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EXPOSITORY NOTES ON
THE PROPHET ISAIAH
Harry A. Ironside, Litt.D.
Copyright @ 1952
edited for 3BSB by Baptist Bible Believer in the spirit of the Colportage ministry of a century ago
ISAIAH CHAPTER NINE
THE PROMISED DELIVERER
AS WE STUDY this ninth chapter it is well to note how definitely it links with the promise given to Ahaz in chapter seven, for here we read once more of the One who is the fulfillment of all GOD's ways with men, the Man of His counsel who came in grace to reveal the Father, to bring in everlasting righteousness.
"Nevertheless the dimness shall not be such as was in her vexation, when at the first he lightly afflicted the land of Zebulun and the land of Naphtali, and afterward did more grievously afflict her by the way of the sea, beyond Jordan, in Galilee of the nations. The people that walked in darkness have seen a great light: they that dwell in the land of the shadow of death, upon them hath the light shined. Thou hast multiplied the nation, and not increased the joy: they joy before thee according to the joy in harvest, and as men rejoice when they divide the spoil. For thou hast broken the yoke of his burden, and the staff of his shoulder, the rod of his oppressor, as in the day of Midian. For every battle of the warrior is with confused noise, and garments rolled in blood; but this shall be with burning and fuel of fire" (verses 1-5).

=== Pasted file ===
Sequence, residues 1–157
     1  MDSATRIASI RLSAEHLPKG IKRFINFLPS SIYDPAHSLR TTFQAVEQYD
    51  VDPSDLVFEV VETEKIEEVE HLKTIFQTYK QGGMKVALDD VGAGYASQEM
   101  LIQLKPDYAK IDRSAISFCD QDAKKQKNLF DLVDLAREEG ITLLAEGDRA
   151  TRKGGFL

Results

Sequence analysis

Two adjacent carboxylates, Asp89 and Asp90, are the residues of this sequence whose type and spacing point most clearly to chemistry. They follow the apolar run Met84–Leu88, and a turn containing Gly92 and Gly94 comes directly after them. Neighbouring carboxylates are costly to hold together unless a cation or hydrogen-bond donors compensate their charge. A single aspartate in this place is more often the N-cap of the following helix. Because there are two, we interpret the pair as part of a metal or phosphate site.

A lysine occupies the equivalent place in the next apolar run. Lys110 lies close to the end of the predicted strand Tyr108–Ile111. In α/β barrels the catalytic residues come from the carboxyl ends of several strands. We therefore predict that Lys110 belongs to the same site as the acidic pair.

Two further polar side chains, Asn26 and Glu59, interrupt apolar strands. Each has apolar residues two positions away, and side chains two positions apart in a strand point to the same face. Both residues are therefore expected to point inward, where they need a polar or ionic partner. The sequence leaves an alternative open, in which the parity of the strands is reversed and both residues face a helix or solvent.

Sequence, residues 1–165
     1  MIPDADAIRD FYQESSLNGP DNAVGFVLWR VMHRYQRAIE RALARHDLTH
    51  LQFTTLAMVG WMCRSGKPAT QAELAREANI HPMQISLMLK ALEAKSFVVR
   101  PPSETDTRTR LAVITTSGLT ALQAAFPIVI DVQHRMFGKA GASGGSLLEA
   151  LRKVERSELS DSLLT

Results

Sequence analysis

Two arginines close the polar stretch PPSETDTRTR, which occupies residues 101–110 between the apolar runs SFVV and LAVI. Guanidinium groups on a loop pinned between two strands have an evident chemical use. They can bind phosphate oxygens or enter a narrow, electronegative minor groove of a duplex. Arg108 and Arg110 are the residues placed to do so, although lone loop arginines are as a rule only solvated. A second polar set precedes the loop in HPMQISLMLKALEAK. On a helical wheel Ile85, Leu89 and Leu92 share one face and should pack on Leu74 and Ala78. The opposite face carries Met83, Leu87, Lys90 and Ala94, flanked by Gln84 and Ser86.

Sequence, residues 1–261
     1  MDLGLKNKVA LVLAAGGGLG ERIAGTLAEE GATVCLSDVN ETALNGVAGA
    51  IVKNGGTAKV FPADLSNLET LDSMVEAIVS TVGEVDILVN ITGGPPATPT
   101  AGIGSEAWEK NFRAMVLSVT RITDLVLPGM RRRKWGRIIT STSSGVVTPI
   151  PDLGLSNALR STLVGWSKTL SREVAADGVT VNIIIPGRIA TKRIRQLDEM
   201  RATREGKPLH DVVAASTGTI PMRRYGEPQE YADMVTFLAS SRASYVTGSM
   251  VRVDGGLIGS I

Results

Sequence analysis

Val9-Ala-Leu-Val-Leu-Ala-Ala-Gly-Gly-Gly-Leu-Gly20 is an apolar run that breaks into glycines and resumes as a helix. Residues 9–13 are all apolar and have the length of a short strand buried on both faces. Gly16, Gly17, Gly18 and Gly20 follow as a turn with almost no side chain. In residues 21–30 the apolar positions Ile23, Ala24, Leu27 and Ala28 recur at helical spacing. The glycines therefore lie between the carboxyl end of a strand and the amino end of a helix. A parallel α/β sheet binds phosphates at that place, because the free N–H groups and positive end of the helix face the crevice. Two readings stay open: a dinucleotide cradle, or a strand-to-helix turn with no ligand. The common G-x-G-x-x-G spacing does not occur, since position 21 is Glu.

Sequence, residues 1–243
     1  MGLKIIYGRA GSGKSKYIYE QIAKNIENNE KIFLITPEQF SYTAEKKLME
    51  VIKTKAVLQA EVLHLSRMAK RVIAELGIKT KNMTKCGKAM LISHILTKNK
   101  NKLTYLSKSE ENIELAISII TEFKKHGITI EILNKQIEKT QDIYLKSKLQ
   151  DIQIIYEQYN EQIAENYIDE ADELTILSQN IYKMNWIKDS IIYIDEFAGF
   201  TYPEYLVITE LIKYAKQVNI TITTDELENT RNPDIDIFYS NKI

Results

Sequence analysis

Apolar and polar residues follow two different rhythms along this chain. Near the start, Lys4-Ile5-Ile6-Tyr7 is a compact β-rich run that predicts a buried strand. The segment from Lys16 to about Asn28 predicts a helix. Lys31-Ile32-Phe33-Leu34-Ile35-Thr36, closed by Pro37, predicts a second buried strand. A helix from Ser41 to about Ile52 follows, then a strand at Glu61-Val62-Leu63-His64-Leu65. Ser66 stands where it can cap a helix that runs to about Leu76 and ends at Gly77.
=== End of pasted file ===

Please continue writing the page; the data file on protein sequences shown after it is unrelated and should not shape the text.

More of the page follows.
The opening verses of the chapter form a continuation of what has just gone before in chapter eight. When darkness had spread over the land of Palestine and men were groping for the light, CHRIST came in infinite grace, the Light of the World, by the way of the sea beyond Jordan in Galilee of the Gentiles. Prophetically, Isaiah seemed to behold Him moving about among men declaring the counsel of GOD and manifesting His grace toward those that walked in darkness, so that they beheld a great light dwelling in the shadow of death; upon them the light shone.
It is as though Isaiah could look down through the ages and see the Lord JESUS full of grace and truth making known the wonders of GOD's redeeming love to those who heard Him gladly and found Him the Light of Life. This is the passage quoted by Matthew (4:15, 16), the differences in rendering arising from the fact that in the New Testament the quotation is taken from the Septuagint instead of the Hebrew.
But for the moment the prophet passes over His rejection and the long years that followed during